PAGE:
The buy-to-let market has been in the news recently due to the impact that it has had on the chronic housing shortage in the UK. This has prompted the government to take action, initially by curbing the tax benefits usually associated with buy-to-let ownership, and subsequently increasing the stamp duty that landlords are required to pay upon purchase.
While this has caused huge controversy and has been cited as an all-out attack on a key economic engine, many believe the attack is necessary and long overdue. In fact, some financial commentators have even gone as far to say that the growth in the buy-to-let market has and will continue to pose a major risk to economic stability in the UK, both in the short and longer-term. While the government has clearly decided that the recent growth of the buy-to-let market remains a primary reason why there are such a shortage of houses available for sale, others have identified the influence that this sector has on property values. Many consider that the huge and disproportionate surge in property prices that has taken place over the last 18 months has been largely influenced by buy-to-let landlords, whose drive to bulk-buy real estate has enabled vendors to target a captive market.
This has sent price growth spiralling at a much faster rate than earnings, forcing some into the rental market and others to assume a mortgage that they can ill-afford.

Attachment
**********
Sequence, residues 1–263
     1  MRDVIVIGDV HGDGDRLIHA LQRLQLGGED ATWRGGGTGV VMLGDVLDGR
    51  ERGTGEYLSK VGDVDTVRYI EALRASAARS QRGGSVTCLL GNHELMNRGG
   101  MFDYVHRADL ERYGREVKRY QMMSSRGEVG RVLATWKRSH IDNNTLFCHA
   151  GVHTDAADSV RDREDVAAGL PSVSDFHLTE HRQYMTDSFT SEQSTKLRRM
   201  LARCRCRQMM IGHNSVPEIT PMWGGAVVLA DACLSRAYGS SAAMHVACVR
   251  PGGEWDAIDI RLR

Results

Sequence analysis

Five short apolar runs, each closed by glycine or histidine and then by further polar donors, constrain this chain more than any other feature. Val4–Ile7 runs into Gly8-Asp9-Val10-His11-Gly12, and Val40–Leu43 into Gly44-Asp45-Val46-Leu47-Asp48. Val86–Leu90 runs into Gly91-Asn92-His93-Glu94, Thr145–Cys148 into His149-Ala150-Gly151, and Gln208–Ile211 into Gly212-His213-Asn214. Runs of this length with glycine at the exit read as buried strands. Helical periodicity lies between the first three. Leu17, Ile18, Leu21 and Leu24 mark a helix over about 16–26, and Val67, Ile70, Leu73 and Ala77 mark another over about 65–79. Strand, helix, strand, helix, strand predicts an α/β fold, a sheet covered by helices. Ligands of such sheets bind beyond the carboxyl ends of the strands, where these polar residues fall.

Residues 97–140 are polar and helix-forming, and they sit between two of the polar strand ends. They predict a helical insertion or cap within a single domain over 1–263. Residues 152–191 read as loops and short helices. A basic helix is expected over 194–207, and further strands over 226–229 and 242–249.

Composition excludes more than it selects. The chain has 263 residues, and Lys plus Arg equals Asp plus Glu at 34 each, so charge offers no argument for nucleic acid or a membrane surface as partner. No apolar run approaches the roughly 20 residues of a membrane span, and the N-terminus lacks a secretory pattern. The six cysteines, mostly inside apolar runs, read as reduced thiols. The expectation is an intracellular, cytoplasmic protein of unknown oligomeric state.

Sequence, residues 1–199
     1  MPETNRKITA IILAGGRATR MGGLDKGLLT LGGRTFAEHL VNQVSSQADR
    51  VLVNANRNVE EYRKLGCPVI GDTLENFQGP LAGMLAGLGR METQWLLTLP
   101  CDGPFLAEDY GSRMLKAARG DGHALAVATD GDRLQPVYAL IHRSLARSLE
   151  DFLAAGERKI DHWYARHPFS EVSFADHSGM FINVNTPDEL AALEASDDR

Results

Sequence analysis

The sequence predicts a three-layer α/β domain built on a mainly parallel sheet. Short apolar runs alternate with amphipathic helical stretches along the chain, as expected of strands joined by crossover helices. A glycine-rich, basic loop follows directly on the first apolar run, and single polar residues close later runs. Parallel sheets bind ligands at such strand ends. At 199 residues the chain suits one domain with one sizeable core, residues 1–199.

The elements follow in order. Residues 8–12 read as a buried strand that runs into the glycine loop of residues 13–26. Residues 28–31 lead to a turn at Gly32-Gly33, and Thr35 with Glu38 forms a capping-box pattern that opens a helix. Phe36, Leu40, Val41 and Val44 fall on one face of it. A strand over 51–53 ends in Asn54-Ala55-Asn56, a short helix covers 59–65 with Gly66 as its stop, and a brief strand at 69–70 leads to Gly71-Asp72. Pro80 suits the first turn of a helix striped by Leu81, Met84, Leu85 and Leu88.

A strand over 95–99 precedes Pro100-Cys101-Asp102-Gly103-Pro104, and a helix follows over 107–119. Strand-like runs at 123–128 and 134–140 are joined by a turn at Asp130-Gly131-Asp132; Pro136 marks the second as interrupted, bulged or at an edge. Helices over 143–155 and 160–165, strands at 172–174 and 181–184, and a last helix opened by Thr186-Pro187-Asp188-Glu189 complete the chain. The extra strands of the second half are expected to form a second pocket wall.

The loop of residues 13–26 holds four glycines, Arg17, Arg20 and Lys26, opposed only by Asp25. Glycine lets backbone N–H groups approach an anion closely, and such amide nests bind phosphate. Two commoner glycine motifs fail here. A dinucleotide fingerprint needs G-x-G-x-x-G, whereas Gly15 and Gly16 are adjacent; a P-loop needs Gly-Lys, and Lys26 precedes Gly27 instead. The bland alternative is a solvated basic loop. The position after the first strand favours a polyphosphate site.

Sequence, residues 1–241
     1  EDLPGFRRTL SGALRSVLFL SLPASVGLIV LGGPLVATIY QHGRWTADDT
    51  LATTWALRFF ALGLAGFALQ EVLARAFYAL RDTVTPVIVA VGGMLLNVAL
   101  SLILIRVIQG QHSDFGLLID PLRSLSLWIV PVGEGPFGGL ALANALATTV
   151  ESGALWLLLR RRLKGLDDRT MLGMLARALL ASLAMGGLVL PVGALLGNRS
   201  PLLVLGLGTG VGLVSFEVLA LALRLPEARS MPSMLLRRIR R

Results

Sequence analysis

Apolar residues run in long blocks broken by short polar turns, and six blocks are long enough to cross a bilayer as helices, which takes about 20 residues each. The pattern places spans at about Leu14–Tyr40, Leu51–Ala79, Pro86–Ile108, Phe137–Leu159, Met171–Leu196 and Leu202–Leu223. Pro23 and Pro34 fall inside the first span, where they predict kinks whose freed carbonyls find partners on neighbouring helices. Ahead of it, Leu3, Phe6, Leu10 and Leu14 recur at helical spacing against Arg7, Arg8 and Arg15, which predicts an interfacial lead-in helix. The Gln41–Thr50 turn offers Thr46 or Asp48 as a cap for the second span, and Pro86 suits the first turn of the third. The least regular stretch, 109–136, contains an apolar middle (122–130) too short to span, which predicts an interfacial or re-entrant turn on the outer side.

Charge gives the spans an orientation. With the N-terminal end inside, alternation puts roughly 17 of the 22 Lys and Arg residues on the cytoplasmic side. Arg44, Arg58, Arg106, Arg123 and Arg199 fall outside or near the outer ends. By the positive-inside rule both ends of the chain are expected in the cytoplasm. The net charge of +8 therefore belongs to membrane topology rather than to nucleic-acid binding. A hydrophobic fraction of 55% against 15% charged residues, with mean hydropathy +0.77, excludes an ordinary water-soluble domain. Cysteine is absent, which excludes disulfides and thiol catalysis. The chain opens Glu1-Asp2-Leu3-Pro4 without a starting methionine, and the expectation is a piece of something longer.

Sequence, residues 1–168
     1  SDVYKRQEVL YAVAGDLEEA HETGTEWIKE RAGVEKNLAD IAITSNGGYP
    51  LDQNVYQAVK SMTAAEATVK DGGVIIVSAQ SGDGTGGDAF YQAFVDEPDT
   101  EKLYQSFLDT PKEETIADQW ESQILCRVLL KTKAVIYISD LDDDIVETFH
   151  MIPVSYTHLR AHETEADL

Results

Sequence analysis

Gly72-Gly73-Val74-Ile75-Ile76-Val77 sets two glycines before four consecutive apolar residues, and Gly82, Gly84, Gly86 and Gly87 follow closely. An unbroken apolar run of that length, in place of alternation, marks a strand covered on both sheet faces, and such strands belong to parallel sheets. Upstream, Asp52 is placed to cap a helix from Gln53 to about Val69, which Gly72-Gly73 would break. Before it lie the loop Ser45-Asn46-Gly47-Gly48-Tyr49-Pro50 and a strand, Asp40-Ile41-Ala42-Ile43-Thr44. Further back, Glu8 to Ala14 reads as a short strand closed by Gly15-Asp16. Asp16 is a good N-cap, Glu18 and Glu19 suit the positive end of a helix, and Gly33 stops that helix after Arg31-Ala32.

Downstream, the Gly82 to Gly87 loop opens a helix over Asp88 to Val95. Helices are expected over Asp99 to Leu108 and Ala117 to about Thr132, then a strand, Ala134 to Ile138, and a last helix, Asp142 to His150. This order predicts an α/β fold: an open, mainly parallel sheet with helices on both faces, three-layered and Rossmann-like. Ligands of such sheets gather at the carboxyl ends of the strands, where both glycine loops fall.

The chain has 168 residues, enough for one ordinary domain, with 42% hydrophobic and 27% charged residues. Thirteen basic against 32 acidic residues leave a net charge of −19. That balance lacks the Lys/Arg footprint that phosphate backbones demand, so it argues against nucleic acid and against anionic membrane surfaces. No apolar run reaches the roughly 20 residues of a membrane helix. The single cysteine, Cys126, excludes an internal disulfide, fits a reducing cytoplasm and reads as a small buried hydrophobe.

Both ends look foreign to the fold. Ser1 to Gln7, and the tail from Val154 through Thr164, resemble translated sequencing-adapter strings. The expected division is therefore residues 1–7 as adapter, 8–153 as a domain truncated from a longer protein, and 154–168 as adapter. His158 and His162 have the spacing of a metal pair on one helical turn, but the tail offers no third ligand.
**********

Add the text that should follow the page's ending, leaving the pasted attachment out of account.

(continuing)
We must also consider the impact of the governments’ changes to tax and stamp duty legislation, as this has already increased the number of houses sold to direct cash buyers such as Property Rescue. The drive to sell buy-to-let homes en-masse could have a cataclysmic impact on the market as a whole, sending prices plummeting and forcing millions of home-owners in Britain to lose value in their properties. This would also see many become encumbered by negative equity, triggering a spiral of decline similar to that which proceeded the great recession in 2008.
Of course, this represents the case scenario that may or may not unfold over time. What it does underline is how sensitive property price points are to the prevailing trends in the buy-to-let sector, which in turn proves that the UK’s economic and financial security is placed at risk by sudden shifts in value. This cannot be ignored, and the government must manage this as it aims to regulate buy-to-let growth and create a larger number of listed properties for sale.
This is a long-term plan, and there may well be some considerable issues until the government's initiatives begin to bear fruit. In this respect, both home-owners and tenants must remain patient and strive to stay afloat until the economic climate begins to settle and the buy-to-let market retains a sense of balance.